I'll join this conversation with a few thoughts. I'll start with telling you that my younger son is an avid lifter...he is very muscular and lifts every day. He has a very slim build, but big biceps, six pack, etc. Lifting is extremely important to him, and I know that he would be very upset if he couldn't lift after a Nissen.
When I asked my surgeon how much I could lift after my final visit with him, he said, "How much could you lift before the surgery?"...meaning that there were no longer any limits.
There have been many lifting/question posts on this forum over the years. Many people are anxious to get back to their lifting routines. There are also posts of people who have had their wraps damaged by lifting heavy objects (moving a couch, for example).
I don't think there's a problem lifting small weights, but I actually agree with Diaas' surgeon about "not making a habit of being a body builder". Lifting hundreds of pounds repeatedly, which is what is required to build big muscles, stresses the hernia repair. The hernia repair is what keeps the wrap in place.
I would think that someone with uncommon core strength. who has already been lifting a long time would be less likely to stress the area than someone who is just starting to lift seriously (perhaps that's where the comment from my surgeon came from).
When I asked my surgeon about the effects of my constant coughing on the wrap (post-op I was still recovering from the effects of my lungs long exposure to reflux, as well as a serious lung infection). He said that "even water can erode stone". He said that there is a cumulative effect of coughing, straining, etc., that will eventually weaken the repair. These things are unavoidable.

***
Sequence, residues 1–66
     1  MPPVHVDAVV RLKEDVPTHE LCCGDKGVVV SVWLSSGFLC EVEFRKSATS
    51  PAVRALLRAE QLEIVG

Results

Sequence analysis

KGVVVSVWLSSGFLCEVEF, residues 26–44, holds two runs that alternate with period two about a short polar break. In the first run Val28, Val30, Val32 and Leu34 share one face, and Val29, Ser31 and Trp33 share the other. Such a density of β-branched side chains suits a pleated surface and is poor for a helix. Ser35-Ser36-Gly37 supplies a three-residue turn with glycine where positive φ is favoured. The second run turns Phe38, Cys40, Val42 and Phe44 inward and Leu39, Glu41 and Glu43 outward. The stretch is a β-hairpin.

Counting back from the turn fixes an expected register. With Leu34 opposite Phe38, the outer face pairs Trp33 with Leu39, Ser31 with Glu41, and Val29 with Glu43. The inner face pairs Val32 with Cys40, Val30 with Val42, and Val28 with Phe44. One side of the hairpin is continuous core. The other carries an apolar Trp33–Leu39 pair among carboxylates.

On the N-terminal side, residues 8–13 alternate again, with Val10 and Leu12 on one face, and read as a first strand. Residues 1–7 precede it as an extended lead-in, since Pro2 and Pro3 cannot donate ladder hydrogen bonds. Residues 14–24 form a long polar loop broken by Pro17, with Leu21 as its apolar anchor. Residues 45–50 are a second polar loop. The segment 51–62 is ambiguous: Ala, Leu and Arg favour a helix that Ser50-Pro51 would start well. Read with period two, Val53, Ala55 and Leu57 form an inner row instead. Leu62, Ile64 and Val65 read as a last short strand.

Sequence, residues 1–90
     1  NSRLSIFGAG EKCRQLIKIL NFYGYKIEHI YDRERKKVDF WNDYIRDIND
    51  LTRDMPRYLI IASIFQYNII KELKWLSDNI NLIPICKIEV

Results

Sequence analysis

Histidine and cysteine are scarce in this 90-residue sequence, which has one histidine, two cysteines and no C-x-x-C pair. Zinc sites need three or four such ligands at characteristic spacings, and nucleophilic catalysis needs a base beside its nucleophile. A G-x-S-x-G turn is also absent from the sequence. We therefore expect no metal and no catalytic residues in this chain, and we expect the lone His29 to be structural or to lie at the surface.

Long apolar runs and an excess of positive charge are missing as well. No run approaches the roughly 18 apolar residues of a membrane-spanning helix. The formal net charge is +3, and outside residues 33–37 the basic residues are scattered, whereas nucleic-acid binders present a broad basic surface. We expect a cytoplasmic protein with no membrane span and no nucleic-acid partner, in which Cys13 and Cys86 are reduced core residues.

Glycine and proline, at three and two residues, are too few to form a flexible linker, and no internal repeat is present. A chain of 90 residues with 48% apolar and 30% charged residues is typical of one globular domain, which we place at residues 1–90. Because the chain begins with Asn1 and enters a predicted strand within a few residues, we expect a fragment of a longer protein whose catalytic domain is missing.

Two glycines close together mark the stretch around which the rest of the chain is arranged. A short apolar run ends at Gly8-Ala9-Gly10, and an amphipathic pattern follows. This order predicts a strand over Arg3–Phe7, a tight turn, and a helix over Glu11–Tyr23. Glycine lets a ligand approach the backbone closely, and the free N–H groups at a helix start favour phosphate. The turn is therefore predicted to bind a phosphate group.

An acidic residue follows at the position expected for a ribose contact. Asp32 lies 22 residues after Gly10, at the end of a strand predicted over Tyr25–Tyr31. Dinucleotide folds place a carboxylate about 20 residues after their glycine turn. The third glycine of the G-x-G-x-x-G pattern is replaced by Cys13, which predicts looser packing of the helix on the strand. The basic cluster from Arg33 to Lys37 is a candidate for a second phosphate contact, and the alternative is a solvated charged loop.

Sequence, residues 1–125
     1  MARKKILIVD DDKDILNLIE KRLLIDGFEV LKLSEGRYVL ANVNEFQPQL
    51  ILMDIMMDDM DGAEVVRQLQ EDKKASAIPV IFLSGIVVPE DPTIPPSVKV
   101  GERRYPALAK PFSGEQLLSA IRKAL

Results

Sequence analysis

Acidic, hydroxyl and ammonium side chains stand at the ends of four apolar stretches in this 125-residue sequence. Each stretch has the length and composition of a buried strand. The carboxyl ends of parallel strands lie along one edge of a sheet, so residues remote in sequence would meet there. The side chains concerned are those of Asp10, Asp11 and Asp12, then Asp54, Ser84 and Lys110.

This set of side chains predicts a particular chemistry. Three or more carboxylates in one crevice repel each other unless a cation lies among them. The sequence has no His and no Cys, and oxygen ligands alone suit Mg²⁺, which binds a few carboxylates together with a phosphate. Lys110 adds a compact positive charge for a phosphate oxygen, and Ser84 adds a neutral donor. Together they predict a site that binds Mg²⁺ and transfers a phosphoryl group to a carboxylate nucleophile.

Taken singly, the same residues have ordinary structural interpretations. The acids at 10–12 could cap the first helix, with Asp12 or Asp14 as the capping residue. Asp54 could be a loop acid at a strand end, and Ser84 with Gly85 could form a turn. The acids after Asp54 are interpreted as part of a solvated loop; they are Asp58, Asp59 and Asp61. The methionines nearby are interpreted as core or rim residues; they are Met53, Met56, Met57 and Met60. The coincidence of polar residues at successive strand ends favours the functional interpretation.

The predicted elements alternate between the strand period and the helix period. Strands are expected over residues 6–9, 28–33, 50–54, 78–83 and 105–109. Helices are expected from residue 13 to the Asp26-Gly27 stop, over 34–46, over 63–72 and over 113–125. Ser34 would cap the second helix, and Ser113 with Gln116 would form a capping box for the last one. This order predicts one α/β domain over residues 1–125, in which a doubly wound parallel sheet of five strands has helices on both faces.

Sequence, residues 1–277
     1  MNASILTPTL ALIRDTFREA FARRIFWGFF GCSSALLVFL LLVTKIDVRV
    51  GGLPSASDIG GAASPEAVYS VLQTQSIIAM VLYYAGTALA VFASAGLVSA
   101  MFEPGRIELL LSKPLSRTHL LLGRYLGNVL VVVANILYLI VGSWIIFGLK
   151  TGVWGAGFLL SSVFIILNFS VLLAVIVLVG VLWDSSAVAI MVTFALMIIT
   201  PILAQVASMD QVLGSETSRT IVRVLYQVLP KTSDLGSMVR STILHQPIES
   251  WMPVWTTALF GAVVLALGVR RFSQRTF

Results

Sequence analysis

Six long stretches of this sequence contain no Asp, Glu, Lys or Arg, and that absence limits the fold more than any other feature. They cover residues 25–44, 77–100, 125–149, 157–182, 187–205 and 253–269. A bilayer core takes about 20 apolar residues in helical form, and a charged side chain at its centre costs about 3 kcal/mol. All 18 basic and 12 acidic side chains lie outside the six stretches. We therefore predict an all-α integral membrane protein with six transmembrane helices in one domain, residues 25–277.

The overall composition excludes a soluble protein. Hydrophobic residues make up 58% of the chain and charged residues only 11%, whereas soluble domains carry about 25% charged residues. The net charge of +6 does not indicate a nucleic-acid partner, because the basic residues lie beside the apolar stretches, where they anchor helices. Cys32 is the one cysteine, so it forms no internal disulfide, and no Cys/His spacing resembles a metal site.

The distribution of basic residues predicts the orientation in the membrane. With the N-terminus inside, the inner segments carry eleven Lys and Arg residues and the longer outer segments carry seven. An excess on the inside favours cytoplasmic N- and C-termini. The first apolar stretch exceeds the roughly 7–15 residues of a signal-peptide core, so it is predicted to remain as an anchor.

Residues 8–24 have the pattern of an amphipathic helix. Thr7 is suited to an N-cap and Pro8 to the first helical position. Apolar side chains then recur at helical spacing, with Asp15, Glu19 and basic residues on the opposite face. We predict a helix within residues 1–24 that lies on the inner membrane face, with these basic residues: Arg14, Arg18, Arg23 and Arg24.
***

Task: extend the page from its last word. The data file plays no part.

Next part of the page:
I've had conversations like this with others, and it's not something that lifters want to hear. Believe me, I'm NO expert on the subject. In my mind it's common sense that lifting very heavy weights will put pressure on the hernia repair. (Again, unless you already have a rock solid core.)
This is definitely an individual decision. As I said, my son wouldn't give up weight lifting. I don't think it's necessary to give it up completely. Just use common sense. Listen to your body and think about what you're doing.
Don't mean to rain on your parade! I've heard here at the forum that many surgeons don't restrict lifting at all. I suspect that if a surgeon sees a very muscled, obviously long-time weight-lifting patient, they are more confident in their core strength. Also, I think surgeons truly want their patients to go back to their normal lifestyle after surgery. If someone is already a body builder, then they know it's important for them to lift.
So there's my two cents, for what it's worth, which probably isn't much! Good luck with your surgery, Diaas! We'll be here to support and encourage you through your recovery! StephanieJean, hope things are going well, and you're relaxing into your recovery and letting your body do it's thing! We're here for you, too!
Have a great day, one and all!
Nissen Fundoplication 2/09
Allergy/Asthma"Whatever you fight, you strengthen, and what you resist, persists.”
“Worry pretends to be necessary but serves no useful purpose”
“Accept - then act. Whatever the present moment contains, accept it as if you had chosen it. Always work with it, not against it.”
Post Edited (dencha) : 10/11/2013 8:56:20 AM (GMT-6)